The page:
Before you get married, you need to think carefully about how you are going to protect yourself if you get a divorce. This isn't a popular thought, but it does need to be considered. One way to protect yourself is by having a premarital agreement drawn up for you and your betrothed.
A prenuptial agreement is almost always a good thing, but it might be difficult to discuss this with the person whom you are going to marry. But it's important that you don't put this off for too long because your future spouse must have time to consult their own attorney and review the terms of the agreement.
Prenuptial agreements don't govern only assets. You can also include debts that each person has coming into the marriage so that the other person isn't saddled with those debts if the marriage ends.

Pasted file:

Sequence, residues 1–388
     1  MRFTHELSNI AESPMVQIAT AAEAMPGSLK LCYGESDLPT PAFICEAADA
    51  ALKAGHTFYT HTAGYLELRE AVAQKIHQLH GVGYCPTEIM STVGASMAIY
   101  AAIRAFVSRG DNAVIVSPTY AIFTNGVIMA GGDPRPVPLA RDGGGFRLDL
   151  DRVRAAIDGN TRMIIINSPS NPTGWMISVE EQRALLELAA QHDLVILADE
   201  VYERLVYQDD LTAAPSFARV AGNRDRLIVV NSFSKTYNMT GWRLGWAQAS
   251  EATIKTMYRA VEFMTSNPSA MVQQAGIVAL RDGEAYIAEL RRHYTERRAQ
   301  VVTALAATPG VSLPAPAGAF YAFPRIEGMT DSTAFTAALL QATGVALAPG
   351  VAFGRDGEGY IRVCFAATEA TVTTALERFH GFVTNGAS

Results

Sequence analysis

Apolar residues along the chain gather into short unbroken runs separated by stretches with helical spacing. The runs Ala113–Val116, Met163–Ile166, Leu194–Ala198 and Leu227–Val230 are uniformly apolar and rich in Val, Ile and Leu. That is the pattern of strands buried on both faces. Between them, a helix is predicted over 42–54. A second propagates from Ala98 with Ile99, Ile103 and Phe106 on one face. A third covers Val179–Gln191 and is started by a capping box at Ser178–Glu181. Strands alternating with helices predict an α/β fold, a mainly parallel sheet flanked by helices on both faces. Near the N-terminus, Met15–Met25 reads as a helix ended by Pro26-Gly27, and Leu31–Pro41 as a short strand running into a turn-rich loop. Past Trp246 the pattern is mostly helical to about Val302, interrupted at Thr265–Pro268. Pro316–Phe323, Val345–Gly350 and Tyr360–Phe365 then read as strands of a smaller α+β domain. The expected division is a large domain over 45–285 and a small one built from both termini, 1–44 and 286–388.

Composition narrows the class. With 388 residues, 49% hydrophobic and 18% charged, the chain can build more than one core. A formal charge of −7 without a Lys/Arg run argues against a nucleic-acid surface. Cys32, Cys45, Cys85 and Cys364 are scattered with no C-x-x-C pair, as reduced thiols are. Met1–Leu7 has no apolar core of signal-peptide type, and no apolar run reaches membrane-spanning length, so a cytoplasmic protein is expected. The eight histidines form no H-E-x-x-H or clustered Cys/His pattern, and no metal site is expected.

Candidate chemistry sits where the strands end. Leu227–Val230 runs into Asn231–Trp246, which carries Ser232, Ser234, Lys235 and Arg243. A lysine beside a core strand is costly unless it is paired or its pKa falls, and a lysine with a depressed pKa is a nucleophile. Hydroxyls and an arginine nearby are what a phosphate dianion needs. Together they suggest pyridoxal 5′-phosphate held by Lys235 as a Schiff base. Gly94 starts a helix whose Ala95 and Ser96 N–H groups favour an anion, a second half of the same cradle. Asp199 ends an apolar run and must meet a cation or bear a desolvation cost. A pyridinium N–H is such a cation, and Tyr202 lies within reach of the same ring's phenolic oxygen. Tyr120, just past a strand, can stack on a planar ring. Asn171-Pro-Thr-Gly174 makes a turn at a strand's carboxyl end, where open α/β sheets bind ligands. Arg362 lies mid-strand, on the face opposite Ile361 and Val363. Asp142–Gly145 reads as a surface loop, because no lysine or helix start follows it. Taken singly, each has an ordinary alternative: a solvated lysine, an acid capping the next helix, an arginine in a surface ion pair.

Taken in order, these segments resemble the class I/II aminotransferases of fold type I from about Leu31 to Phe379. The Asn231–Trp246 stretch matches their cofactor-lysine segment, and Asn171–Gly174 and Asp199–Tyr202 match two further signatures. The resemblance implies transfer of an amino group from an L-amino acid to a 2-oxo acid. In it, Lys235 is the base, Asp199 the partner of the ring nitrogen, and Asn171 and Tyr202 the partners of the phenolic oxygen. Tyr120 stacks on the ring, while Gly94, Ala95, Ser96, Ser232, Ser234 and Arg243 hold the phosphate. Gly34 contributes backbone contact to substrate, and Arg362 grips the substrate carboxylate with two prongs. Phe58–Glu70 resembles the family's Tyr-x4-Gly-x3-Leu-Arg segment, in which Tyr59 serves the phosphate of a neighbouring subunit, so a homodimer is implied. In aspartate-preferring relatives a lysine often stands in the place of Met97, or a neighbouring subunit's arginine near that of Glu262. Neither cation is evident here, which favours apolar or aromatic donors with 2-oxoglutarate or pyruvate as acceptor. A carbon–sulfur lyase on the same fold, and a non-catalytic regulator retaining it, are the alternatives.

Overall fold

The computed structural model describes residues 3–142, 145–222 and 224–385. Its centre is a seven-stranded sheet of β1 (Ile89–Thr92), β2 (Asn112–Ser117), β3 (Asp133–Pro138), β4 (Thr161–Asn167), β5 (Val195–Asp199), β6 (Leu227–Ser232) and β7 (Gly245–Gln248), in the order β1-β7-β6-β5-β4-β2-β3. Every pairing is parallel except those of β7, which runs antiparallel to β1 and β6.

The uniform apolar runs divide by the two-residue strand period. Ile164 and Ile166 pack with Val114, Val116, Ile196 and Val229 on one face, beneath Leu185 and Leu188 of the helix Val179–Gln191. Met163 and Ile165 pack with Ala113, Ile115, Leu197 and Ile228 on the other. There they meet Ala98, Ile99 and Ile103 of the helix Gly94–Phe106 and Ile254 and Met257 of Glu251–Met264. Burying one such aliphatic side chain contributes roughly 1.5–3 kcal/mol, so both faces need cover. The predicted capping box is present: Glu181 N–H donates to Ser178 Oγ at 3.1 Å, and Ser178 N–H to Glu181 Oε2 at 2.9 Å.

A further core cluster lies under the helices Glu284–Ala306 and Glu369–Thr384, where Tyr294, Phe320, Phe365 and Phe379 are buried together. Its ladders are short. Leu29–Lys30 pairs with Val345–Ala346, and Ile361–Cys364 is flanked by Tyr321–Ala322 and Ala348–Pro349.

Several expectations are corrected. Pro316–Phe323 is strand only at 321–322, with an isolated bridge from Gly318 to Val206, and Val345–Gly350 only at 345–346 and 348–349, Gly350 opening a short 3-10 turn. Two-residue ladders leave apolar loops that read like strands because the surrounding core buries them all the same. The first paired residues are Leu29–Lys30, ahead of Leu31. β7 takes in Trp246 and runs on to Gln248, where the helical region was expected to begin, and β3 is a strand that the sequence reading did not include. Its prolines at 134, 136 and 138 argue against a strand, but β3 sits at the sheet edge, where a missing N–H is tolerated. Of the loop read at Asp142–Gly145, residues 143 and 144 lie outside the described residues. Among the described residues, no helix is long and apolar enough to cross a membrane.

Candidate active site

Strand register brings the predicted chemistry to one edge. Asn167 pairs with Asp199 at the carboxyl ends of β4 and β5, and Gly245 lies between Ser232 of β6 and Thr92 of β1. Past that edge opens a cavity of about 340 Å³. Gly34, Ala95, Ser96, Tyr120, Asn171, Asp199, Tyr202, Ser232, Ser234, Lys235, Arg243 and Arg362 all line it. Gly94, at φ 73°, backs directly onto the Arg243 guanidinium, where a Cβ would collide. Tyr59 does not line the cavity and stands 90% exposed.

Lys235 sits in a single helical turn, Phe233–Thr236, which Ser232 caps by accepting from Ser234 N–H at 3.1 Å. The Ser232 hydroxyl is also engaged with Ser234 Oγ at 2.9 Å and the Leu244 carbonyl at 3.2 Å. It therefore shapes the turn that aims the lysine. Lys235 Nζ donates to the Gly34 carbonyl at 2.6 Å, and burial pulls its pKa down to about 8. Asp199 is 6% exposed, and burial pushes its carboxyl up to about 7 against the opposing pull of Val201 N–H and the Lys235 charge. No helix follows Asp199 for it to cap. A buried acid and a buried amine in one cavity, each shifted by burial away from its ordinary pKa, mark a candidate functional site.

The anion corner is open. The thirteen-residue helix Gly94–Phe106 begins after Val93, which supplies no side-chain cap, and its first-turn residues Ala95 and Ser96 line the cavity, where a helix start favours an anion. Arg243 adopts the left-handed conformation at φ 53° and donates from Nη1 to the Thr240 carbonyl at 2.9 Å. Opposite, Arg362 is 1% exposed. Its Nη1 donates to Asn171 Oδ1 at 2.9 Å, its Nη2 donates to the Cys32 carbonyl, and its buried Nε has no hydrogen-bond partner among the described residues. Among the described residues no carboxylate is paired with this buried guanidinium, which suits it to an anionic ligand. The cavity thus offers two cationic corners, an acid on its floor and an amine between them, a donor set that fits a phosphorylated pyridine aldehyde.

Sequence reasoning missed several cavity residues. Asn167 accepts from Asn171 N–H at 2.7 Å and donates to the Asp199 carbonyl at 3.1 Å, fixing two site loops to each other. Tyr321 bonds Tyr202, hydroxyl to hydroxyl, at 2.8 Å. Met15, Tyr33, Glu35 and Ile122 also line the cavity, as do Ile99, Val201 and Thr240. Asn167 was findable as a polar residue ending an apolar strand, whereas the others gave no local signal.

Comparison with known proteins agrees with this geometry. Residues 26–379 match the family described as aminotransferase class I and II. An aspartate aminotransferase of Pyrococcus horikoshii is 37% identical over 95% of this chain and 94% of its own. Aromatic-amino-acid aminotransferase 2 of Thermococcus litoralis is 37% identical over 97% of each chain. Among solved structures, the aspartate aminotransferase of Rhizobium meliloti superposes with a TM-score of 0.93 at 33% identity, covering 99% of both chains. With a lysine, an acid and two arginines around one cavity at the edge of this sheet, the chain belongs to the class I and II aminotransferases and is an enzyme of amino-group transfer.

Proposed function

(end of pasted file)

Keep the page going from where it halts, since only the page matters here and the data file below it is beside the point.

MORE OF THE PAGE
Another thing to consider when you are drafting your prenup is to include terms for any potential inheritance that either spouse may receive. You can even include provisions that address the settlement one spouse will receive for giving up a career to rear the children or maintain the home.
You may wish to include other contingencies in your prenuptial agreement, so make sure to make a list of all of the terms. You can discuss your concerns with an attorney who can help you determine what can legally be included in the agreement and what needs to omitted. Matters involving the amount of child support and which parent will retain physical custody of the children can't be included in a prenup.
Source: FindLaw, "Pros and Cons: Premarital Agreements ("Prenuptials")," accessed Aug. 24, 2017